undefined, Dead Bunny Society
29.09.2016 – 31.10.2016
Alexia Cocolas | Minien Hattingh | Stefanie Langenhoven | Laetitia Lups | Shenaz Mahomed | Alison Jean Shaw
curated by Dead Bunny Society
at DF Contemporary
The Hills Buchanan Square | 106 Sir Lowry Rd | Woodstock | Cape Town
An exploration of the tension between personal and public female identity, as it plays out in the lived reality of various artists. Their work deals with uneasy internalisations and performances of “feminity”, using art as a means of representation to question or subvert traditional representations of what it means to be a woman.
ALEXIA COCOLAS and STEFANIE LANGENHOVEN (SILK WORM) | This work deals with the distortion and suppression of the female identity; how disfigured concepts of what it means to be a woman are projected onto women by both sexes. And, how we (as females) embody this twisted conditioning, model it for each other as well as fight within our own bodies to find an understanding, an authenticity and a freedom in what it means to feel and be a woman.
The title “Silk Worm” represents the work through different stages of transformation. The word “Silk” stands apart from the word “Worm”, to emphasise the dichotomy we find within ourselves.
Being feminine can be associated with a silk-like quality – “having qualities or an appearance traditionally associated with women, especially delicacy and prettiness” is one of many similar definitions of “feminine” that we stumbled upon during this process.
Women give birth to life, a wonderful and mysterious concept, but female bodies and the darkness or the unknown of the creative unconscious (the unconscious being associated with the feminine) are seen as unclean and fearful, and so we too resonate with “the worm”. Apart from being an invertebrate animal, the worm is also defined as “a weak or despicable person (often used as a general term of abuse)”. A concept that women (and men) have been taught to internalise when it comes to feeling into the parts that make up our feminine attributes, through years of patriarchal training.
MINIEN HATTINGH | Exploring the relationship between imprisonment and aesthetic, each work displays a cloying nostalgia. This is supported by the sepia washes reminiscent of photographs of the 19th and early 20th century, evident in each piece. Garbed and posed, each figure seemingly dons a composed stance. By examining each work closer, objects of suppression including: a flea, birds and a squid are revealed. These little puppet-like wingmen quell each female figure’s destiny and voice, in turn, imprisoning them in in a cyclical demise.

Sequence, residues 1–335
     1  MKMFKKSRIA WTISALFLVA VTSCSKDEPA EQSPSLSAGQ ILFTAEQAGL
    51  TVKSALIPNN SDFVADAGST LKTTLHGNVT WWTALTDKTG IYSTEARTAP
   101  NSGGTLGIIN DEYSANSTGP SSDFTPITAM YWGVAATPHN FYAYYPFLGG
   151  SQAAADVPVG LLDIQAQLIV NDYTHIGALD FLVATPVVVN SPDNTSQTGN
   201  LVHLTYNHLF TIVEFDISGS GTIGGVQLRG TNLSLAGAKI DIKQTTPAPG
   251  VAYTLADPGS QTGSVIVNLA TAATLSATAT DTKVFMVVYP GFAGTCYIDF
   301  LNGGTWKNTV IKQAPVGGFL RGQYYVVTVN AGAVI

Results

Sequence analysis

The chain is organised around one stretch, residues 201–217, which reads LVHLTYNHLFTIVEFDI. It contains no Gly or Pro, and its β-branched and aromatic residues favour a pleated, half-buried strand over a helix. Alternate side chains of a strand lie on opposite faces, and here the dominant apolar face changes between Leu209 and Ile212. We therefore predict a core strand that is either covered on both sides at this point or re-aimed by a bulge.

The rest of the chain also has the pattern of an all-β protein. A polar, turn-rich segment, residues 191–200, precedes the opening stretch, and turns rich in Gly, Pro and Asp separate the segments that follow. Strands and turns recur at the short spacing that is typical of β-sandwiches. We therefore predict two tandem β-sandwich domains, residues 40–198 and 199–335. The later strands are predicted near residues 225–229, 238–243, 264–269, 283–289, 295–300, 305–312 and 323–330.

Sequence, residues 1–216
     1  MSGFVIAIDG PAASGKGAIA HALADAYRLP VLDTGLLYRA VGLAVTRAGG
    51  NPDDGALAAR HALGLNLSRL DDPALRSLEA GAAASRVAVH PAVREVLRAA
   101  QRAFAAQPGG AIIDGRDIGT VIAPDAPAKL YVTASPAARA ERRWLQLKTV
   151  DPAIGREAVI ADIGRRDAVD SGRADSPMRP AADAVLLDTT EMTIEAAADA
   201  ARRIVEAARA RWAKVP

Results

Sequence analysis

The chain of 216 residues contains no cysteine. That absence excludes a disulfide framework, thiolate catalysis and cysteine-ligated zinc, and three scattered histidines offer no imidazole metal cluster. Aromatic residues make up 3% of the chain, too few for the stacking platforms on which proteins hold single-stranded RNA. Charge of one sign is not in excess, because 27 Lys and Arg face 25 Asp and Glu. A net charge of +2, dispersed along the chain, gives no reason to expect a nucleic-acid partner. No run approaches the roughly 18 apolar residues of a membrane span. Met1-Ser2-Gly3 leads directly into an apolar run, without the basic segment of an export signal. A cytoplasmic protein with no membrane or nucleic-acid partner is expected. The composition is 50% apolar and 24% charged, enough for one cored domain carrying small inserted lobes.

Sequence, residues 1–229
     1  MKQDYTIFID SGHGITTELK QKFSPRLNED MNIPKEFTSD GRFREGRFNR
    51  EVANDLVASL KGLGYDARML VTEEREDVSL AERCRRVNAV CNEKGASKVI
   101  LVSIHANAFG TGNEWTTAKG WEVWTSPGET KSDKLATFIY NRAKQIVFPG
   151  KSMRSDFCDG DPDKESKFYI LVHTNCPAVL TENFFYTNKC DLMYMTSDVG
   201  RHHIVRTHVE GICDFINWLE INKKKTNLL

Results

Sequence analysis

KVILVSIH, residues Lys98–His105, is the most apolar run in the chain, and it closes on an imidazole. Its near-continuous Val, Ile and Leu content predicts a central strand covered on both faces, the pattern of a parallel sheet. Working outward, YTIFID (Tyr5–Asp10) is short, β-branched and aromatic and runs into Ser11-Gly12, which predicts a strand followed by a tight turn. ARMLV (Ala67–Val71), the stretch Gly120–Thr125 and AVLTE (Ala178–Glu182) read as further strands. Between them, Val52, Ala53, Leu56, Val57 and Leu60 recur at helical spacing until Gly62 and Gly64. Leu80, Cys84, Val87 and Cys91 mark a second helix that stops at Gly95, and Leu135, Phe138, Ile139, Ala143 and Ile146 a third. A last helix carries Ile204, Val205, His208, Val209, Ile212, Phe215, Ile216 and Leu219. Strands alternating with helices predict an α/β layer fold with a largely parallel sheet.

LAETITIA LUPS | At first glance it looks like the work is about individual identity. On further
Inspection, you realise that the work comments on a tension between what we think we are, and what and who we define ourselves as. In fact, we are not what we think we are. We are the products of the society in which we live. It is as much about the rules that we are controlled by as what is considered fashionable at a particular point in history. I attempt to make work that blurs the line between personal lived reality and the representation of reality in art and history.
SHENAZ MAHOMED | The fragile, intricate and delicate artworks created are used to depict complexities within cultural identity. Consciously working from a particular religious and cultural perspective, I aim to explore and re-mystify the process of making art – challenging the constraints of such a precious and sensitive subject in contemporary culture. My works evoke an almost confrontational quality by placing the audience face to face with the recurring image of an unfamiliar and ambivalent female Muslim figure.
ALISON JEAN SHAW | Directing Trepenation
Notions (and motions) surrounding this particular body, The Darling Wound, often involve desire and how this expresses itself through the creative process and ultimately, an onlooker. Personally, a subjective expression can often be the facilitator of a somewhat intimate dialogue, introspective or projected. To assist the exchange, I use a number of tropes with which one could empathise – monks, gods, Mary’s, keyholes, and “like a virgin needs a martyr”, suggestion is marked as universal as laughter. It has been said that “he who laughs most, learns best.”